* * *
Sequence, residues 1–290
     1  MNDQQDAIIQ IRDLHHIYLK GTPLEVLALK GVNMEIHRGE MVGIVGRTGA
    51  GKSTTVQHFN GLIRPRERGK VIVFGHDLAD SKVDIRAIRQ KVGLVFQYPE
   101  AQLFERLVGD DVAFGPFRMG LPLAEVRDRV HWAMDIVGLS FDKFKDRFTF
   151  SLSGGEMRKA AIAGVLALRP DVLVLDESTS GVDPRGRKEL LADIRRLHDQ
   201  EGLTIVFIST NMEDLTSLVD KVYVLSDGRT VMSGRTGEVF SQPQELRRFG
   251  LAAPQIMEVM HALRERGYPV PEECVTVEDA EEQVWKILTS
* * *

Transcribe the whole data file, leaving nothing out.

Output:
Sequence, residues 1–290
     1  MNDQQDAIIQ IRDLHHIYLK GTPLEVLALK GVNMEIHRGE MVGIVGRTGA
    51  GKSTTVQHFN GLIRPRERGK VIVFGHDLAD SKVDIRAIRQ KVGLVFQYPE
   101  AQLFERLVGD DVAFGPFRMG LPLAEVRDRV HWAMDIVGLS FDKFKDRFTF
   151  SLSGGEMRKA AIAGVLALRP DVLVLDESTS GVDPRGRKEL LADIRRLHDQ
   201  EGLTIVFIST NMEDLTSLVD KVYVLSDGRT VMSGRTGEVF SQPQELRRFG
   251  LAAPQIMEVM HALRERGYPV PEECVTVEDA EEQVWKILTS